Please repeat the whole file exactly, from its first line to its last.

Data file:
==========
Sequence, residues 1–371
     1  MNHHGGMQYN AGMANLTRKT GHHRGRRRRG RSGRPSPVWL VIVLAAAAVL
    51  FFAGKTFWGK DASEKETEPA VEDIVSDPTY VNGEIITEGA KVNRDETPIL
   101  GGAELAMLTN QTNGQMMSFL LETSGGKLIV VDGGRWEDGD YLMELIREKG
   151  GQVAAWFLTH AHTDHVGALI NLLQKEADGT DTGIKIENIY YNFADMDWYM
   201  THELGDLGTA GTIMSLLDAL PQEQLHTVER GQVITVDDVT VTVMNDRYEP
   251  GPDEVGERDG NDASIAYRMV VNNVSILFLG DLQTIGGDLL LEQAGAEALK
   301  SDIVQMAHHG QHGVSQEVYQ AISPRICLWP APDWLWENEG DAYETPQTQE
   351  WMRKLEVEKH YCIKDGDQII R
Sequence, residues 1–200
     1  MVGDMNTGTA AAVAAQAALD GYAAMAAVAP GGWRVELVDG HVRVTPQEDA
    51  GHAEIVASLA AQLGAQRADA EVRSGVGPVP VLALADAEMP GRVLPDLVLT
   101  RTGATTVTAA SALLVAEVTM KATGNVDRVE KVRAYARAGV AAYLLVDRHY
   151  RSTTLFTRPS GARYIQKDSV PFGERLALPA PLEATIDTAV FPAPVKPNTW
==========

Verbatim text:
Sequence, residues 1–371
     1  MNHHGGMQYN AGMANLTRKT GHHRGRRRRG RSGRPSPVWL VIVLAAAAVL
    51  FFAGKTFWGK DASEKETEPA VEDIVSDPTY VNGEIITEGA KVNRDETPIL
   101  GGAELAMLTN QTNGQMMSFL LETSGGKLIV VDGGRWEDGD YLMELIREKG
   151  GQVAAWFLTH AHTDHVGALI NLLQKEADGT DTGIKIENIY YNFADMDWYM
   201  THELGDLGTA GTIMSLLDAL PQEQLHTVER GQVITVDDVT VTVMNDRYEP
   251  GPDEVGERDG NDASIAYRMV VNNVSILFLG DLQTIGGDLL LEQAGAEALK
   301  SDIVQMAHHG QHGVSQEVYQ AISPRICLWP APDWLWENEG DAYETPQTQE
   351  WMRKLEVEKH YCIKDGDQII R
Sequence, residues 1–200
     1  MVGDMNTGTA AAVAAQAALD GYAAMAAVAP GGWRVELVDG HVRVTPQEDA
    51  GHAEIVASLA AQLGAQRADA EVRSGVGPVP VLALADAEMP GRVLPDLVLT
   101  RTGATTVTAA SALLVAEVTM KATGNVDRVE KVRAYARAGV AAYLLVDRHY
   151  RSTTLFTRPS GARYIQKDSV PFGERLALPA PLEATIDTAV FPAPVKPNTW